A COLLABORATIVE RESEARCH CASE STUDY
Embodied Energy Analysis in Early Design. As buildings grow more eﬃcient in terms of operating carbon emissions, the need for embodied carbon reductions becomes more apparent. Predicting embodied carbon eﬀects during the early design phases is diﬃcult because current analysis tools and workﬂows are based on connecting BIM-based material quantity takeoﬀs to Life-cycle assessment (LCA) databases. The process will only quantify what was modeled, leading to a challenge when analyzing and interpreting results from these intentionally less detailed schematic design models.
In this collaborative case study of structural and architectural design, MBJ and MSR Design have both been working on integrating embodied energy analysis into our individual design processes. We collectively understand the importance of architectural + structural collaboration to impact the embodied energy in our projects. We also collectively have had success adopting Tally as a tool within Revit to quantify embodied energy levels at the end of a project but have lacked traction on integrating analysis towards the beginning of the design process where it is more impactful. Our engineers have been working to develop an analysis methodology to address this gap in our workflow.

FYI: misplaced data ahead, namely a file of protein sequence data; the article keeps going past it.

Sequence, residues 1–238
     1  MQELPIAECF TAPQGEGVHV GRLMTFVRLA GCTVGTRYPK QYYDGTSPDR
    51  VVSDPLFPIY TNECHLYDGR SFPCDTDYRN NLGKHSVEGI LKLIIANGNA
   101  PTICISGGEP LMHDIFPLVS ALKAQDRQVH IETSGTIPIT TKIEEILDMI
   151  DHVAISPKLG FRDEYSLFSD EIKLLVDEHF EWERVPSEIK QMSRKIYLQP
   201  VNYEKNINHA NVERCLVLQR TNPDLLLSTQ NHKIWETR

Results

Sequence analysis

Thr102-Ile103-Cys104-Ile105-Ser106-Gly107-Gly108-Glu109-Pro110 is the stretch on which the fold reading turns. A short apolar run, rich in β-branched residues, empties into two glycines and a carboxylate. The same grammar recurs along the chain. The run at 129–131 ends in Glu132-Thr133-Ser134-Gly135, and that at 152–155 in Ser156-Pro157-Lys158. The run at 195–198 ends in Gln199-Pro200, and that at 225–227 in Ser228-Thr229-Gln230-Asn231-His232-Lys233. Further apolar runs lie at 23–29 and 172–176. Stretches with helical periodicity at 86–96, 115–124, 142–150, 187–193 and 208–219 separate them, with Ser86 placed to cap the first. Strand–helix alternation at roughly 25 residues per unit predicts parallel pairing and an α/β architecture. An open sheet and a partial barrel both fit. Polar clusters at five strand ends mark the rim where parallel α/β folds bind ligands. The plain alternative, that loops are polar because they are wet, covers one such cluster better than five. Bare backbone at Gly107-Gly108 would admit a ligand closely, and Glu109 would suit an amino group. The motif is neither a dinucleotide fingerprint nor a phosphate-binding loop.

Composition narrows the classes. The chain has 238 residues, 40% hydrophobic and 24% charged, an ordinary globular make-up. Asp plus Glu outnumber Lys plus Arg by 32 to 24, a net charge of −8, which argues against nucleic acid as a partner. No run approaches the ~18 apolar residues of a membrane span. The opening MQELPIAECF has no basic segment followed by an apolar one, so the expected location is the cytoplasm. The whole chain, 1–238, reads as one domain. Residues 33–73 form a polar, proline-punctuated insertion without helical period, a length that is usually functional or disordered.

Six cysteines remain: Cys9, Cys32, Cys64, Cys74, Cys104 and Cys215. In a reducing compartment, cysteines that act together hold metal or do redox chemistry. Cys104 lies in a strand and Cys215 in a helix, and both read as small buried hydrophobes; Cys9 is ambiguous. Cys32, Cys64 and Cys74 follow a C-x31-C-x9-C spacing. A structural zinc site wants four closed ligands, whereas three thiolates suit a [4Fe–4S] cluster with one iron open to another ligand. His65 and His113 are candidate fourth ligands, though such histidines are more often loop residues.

The study is based on established practices such as energy shoebox modeling and LEED baseline analysis. The research was developed using a completed small-scale library project as a case study. The objective is to establish a hybrid approach for assessing and predicting embodied carbon in order to aid in responsive decision making during early design development.